How the Supreme Court’s “Single Homicide Rule” is Impacting the Tanner Dashner Case

July 19, 2022 Drunk Driving/DUI, News & Announcements, Violent Crimes

A Florida judge has sentenced 24-year-old Tanner Dashner to over 70 years in prison for a fatal car crash that went up in flames and killed five people in 2018. However, the judge only used the charges for DUI manslaughter instead of also including the additional charges of vehicular homicide that the state wished to prosecute.

We will cover the details of the case, give information on both Florida Statutes, and explain the Florida Supreme Court’s decision to get rid of the “single homicide rule.”

What was the Incident?

On November 23rd, 2018, Tanner Dashner, then 21, crashed into the back of a Dodge Dakota. He was driving 97mph in a 30mph zone. The Dodge he slammed into caught fire, and five of the people inside the vehicle died. The victims included driver Kedan Tillet, 27, and four passengers—Alexis Chaney, 17; Anthony Victor, 21; Anthony Martin, 16; and Darien Douglas, 21. The sixth passenger, Ari’yonnia Stanberry, was pulled out of the fire by a witness.

Dashner’s blood-alcohol content of 0.274 percent, which is over triple the legal limit in Florida. During the plea and sentencing, Dashner pleaded no contest to five counts for each DUI manslaughter and vehicular homicide, along with single counts of driving under the influence with damage to a person and driving under the influence with damage to property.

DUI Manslaughter and Vehicular Homicide in Florida

Florida Statute Section 316.193(3) defines DUI manslaughter as when an individual operates a vehicle while intoxicated to the level of a DUI and causes the death of another person or unborn baby. In most cases, DUI manslaughter is considered a second-degree felony, which can result in up to 15 years in prison. In more extreme cases DUI manslaughter can be considered a first-degree felony, which would result in up to 30 years in prison.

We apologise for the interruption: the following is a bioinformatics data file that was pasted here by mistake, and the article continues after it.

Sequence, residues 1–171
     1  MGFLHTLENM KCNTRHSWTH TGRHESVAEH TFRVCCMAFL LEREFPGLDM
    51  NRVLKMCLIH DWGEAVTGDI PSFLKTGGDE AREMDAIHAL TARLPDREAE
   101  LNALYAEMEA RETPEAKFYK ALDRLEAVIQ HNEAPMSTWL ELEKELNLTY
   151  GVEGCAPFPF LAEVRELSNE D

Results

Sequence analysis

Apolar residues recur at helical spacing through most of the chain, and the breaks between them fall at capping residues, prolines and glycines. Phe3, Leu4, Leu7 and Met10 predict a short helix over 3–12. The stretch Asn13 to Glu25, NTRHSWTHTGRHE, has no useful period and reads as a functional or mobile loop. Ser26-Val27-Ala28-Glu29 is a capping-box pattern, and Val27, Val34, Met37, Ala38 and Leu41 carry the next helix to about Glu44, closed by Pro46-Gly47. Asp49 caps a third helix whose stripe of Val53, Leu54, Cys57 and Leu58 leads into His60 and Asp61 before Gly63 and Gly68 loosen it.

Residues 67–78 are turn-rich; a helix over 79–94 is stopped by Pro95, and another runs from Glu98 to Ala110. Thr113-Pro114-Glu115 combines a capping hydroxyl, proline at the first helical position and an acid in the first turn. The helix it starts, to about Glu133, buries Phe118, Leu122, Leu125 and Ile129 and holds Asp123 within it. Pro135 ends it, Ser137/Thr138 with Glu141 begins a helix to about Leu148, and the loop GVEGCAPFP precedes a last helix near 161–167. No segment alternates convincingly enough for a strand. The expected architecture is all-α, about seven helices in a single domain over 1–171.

Under Florida Statute Section 782.071, vehicular homicide is defined as when an individual operates a vehicle in a reckless manner and behavior that results in the death of another person. The penalties for vehicular homicide are the same as DUI manslaughter, and can also range from a second-degree to first-degree felony. The main difference is that the driver does not have to be under the influence of alcohol to be charged with vehicular homicide, and that the driver was operating in a reckless way.

To read more about both charges and their potential defenses, find out more from our informative page here.

2020 Supreme Court Ruling

In December 2020, the Florida Supreme Court announced that the “single homicide rule” would no longer apply. Up until this decision, the single homicide rule was used to prevent a defendant from being convicted of several criminal statutes for one single homicide.

The case that went before the court was State v. Maisonet-Maldonado where the defendant had been charged with both fleeing and eluding causing serious bodily harm or death, and vehicular manslaughter. Even though they are two different crimes under different Florida Statutes, they were applied to the same homicide. The court held that the single homicide rule violated the plain meaning of Florida Statute Section 775.021. The statute reads “whoever, in the course of one criminal transaction or episode, commits an act or acts which constitute one or more separate criminal offenses, upon conviction and adjudication of guilt, shall be sentenced separately for each criminal offense.” There are three exceptions permitted by the statute, those exceptions are;

  • Offenses which require identical elements of proof.
  • Offenses which are degrees of the same offense as provided by statute.
  • Offenses which are lesser offenses the statutory elements of which are subsumed by the greater offense.